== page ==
The last thing Keegan Bradley wanted to do at the 18th hole with a cozy lead was flirt with the water on the left.
Bradley's drive on his final hole Friday was nowhere close to getting wet. He instead went well right under trees while bogeying No. 18 for the second day in a row, this time closing a 1-under 69 Friday that gave him a three-stroke lead after two rounds.
"I'm going to hit good ones on Saturday and Sunday. I'm due, I don't know when the last time is I hit the fairway," Bradley said. "It's just a matter of commitment. ... For me, I got to take it a little over the edge of the water. So, it's difficult because you know you have that bailout and I got a four-shot lead, so the last thing I wanted to do was plop it in the water."
Bradley bogeyed Nos. 1 and 18 again, just as he did during an opening 60 that set the TPC Four Seasons course record when his only bogeys came in the middle of that round.
In between the bogeys Friday, in tougher conditions, Bradley had another bogey at No. 6, four birdies and several nice par-savers. There was a two-putt from 35 feet after driving into the trees at No. 14 and a blast to 4 feet of the hole from a greenside bunker at No. 15.
"I'm almost more proud of this round than (Thursday) because I didn't feel comfortable all day," Bradley said. "I don't know what it was, I can't put my finger on it, but, you know, I bogeyed the first hole. I was a little uncomfortable and then I settled in and hit some really good shots."
Bradley's 11-under 129 is the lowest 36-hole total at the Nelson since 2001.He got his first PGA Tour victory as a rookie there two years ago, then followed that by winning the PGA Championship later that year and the World Golf Championship-Bridgestone Invitational last season.
Tom Gillis, who shot 63 in the first group of the day off the No. 10 tee, and Sang-Moon Bae (66), the 26-year-old South Korean who has 11 international victories but none on the PGA Tour, were tied for second place.
A stroke further back were 2012 PGA Tour rookie of the year John Huh (64), Ryan Palmer (68) and 2011 Masters champion Charl Schwartzel (70). Schwartzel had an opening 63 and was the closest to Bradley after the first round.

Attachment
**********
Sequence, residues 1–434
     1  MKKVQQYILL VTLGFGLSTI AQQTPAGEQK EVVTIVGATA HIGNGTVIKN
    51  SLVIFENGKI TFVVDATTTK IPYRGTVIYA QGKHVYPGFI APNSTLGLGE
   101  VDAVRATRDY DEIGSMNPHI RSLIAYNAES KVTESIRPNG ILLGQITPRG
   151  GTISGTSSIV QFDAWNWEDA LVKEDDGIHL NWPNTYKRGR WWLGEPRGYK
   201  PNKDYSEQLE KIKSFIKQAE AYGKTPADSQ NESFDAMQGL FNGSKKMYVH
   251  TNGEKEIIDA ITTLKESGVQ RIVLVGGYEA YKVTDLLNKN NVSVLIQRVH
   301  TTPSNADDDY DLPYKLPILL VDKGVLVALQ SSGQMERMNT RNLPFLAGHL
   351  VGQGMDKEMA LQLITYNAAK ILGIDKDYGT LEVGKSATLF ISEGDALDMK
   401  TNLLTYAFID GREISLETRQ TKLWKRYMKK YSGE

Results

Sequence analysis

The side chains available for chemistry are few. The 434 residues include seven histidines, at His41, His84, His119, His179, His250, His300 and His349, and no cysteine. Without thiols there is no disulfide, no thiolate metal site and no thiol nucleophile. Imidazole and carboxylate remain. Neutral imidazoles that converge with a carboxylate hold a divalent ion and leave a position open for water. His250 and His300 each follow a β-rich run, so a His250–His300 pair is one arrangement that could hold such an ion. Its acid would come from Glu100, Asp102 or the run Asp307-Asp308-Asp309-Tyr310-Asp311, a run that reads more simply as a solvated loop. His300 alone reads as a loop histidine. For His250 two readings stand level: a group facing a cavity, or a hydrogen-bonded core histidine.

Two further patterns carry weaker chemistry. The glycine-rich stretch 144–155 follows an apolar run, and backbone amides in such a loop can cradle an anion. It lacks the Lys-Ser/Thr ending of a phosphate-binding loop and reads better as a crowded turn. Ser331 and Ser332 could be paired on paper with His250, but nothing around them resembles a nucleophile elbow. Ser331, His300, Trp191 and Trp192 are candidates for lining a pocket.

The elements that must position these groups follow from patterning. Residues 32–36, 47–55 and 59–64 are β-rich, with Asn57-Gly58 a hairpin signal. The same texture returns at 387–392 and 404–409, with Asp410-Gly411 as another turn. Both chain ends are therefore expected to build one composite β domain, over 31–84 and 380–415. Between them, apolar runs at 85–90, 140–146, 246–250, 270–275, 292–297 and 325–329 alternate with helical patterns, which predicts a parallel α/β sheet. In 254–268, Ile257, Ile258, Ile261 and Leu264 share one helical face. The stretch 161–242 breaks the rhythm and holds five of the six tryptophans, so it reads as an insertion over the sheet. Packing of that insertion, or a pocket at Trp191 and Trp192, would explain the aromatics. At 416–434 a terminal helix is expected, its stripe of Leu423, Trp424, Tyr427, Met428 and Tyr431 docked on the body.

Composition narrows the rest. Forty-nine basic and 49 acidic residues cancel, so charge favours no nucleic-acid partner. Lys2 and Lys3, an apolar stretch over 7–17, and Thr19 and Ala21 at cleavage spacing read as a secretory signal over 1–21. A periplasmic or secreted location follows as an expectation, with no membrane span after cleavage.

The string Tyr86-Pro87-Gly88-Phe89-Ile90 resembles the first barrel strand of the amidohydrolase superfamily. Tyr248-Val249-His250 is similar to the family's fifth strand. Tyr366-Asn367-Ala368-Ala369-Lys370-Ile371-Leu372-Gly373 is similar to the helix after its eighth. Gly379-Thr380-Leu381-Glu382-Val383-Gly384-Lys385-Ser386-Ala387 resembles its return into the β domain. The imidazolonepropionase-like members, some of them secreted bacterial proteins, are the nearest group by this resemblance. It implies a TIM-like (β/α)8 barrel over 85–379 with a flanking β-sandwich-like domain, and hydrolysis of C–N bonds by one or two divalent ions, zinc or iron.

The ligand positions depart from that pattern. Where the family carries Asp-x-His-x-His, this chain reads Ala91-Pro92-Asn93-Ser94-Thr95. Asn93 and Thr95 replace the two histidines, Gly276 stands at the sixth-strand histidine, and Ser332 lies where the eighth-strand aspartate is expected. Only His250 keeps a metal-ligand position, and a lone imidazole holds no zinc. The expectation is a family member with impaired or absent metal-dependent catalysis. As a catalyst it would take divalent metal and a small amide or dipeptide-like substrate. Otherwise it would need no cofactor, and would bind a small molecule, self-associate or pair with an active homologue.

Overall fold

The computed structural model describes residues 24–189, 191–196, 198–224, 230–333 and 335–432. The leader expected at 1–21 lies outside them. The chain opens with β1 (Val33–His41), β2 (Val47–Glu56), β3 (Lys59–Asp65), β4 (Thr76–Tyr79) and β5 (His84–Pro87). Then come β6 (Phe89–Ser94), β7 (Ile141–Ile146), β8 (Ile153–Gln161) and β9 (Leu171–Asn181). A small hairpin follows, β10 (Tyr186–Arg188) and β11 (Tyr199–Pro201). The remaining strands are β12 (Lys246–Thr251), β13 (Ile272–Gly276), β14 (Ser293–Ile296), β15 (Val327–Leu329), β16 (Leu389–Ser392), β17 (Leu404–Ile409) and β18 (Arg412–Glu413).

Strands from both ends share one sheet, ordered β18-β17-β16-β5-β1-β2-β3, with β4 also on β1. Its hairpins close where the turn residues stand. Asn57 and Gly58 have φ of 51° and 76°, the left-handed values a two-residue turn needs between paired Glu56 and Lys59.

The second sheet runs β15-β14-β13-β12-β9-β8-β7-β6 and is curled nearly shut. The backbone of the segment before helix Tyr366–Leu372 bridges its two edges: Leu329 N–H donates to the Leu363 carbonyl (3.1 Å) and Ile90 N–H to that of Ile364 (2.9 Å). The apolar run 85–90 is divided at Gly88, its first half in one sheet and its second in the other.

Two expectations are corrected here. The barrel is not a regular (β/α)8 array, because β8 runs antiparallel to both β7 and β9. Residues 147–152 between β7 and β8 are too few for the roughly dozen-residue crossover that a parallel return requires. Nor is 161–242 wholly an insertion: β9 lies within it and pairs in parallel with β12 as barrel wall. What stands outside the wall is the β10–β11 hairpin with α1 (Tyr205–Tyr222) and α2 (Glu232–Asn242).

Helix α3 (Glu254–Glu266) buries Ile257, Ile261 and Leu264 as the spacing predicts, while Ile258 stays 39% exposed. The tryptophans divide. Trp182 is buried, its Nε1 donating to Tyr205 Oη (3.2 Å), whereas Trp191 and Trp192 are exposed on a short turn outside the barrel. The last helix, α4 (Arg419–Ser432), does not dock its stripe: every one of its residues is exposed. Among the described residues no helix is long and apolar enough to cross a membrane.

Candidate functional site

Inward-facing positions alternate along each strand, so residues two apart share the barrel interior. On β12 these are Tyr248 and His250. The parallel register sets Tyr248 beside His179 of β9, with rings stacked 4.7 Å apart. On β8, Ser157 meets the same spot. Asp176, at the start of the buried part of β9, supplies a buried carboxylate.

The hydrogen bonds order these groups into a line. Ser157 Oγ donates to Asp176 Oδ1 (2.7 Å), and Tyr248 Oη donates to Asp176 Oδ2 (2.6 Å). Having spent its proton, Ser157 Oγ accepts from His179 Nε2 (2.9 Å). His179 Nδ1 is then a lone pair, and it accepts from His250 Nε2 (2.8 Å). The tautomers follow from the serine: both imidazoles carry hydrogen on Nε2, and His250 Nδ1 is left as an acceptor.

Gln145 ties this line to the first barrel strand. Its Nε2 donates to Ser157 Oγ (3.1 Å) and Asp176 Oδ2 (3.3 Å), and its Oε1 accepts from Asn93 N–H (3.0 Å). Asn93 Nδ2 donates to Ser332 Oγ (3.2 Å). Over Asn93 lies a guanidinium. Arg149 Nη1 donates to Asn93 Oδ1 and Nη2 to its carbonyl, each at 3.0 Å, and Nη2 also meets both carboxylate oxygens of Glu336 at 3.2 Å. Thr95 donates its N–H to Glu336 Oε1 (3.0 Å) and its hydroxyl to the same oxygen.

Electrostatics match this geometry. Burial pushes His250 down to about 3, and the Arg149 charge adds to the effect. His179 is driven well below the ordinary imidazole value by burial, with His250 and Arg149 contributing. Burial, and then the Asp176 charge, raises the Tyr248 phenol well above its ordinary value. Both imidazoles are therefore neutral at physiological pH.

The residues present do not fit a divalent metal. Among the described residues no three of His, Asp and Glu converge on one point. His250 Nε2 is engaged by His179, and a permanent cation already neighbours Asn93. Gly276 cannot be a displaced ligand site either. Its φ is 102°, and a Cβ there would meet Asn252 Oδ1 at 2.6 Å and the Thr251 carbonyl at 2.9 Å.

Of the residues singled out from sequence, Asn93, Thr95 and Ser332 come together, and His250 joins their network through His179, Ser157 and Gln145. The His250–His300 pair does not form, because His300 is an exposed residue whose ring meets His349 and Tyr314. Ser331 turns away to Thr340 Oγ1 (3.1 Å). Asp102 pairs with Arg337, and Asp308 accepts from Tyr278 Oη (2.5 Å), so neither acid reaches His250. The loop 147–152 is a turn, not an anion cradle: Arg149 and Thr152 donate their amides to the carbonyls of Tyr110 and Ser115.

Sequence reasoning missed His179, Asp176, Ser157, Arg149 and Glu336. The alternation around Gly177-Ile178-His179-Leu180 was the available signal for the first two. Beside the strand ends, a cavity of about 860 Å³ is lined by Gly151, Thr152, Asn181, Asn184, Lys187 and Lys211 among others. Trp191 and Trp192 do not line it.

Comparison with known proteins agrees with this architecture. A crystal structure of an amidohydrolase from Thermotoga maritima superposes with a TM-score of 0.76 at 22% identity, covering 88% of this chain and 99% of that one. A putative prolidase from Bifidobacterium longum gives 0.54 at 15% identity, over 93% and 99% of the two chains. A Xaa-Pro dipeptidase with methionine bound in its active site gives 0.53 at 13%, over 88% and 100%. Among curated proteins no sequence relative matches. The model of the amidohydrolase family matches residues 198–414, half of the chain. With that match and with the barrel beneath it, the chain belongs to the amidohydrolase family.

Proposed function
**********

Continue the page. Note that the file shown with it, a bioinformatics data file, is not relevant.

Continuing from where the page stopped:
"It was a bit up and down out there," said Schwartzel, who had three birdies and three bogeys. "Bit of a frustrating day, but I suppose it's the mix."
Guan Tianlang, the 14-year-old amateur from China, missed the cut with rounds of 70 and 77.
After driving into the rough and then hitting into two bunkers for a double-bogey 6 at No. 12, his third hole Friday, Guan had a 19-foot birdie putt on the following par 3. He then had five consecutive bogeys.
Guan last month made the cut at the Masters and then again in New Orleans, becoming the youngest player to make the cut on the PGA Tour. He said he "probably" would stay in the United States to play more golf, but wasn't specific about where or confirm if he would play in a U.S. Open sectional qualifier June 3.
Defending Nelson champion Jason Dufner, playing with good friend Bradley, had his second consecutive 70 to join 83 players making the cut of even par.
Gillis got rolling with three consecutive birdies, starting with a 13-foot putt at No. 12 before burying a 32-footer on the 180-yard par 3 right after that. His only bogey came at his closing hole, when he three-putted from 12 1/2 feet at the 427-yard ninth hole.
He had played an afternoon round Thursday, when 13 players shot 66 or better in the morning and the only one in the afternoon was Marc Leishman with a 66.
"It was easier, I think the wind was down and I was hoping that we would get a fair shot like they had (Thursday) morning just to see what it would be like," Gillis said. "Definitely, I thought it played better than in the afternoon."
Two-time heart transplant recipient Erik Compton matched Gillis for the best round Friday, his 63 a nine-stroke improvement from the opening round to put him in a tie for 13th.
Gillis had missed his last five cuts with 12 straight rounds without breaking 70 before his opening 1-under 69 even with bogeys on three of his last four holes.
Asked about what was different this week, Gillis said he was more relaxed after reuniting with his coach.
"Tried to do some things on my own and kind of got lost," Gillis said before explaining their separation. "We had disagreements on some things. ... You talk things out, work things out. People change. I think he was right all along, to be honest with you."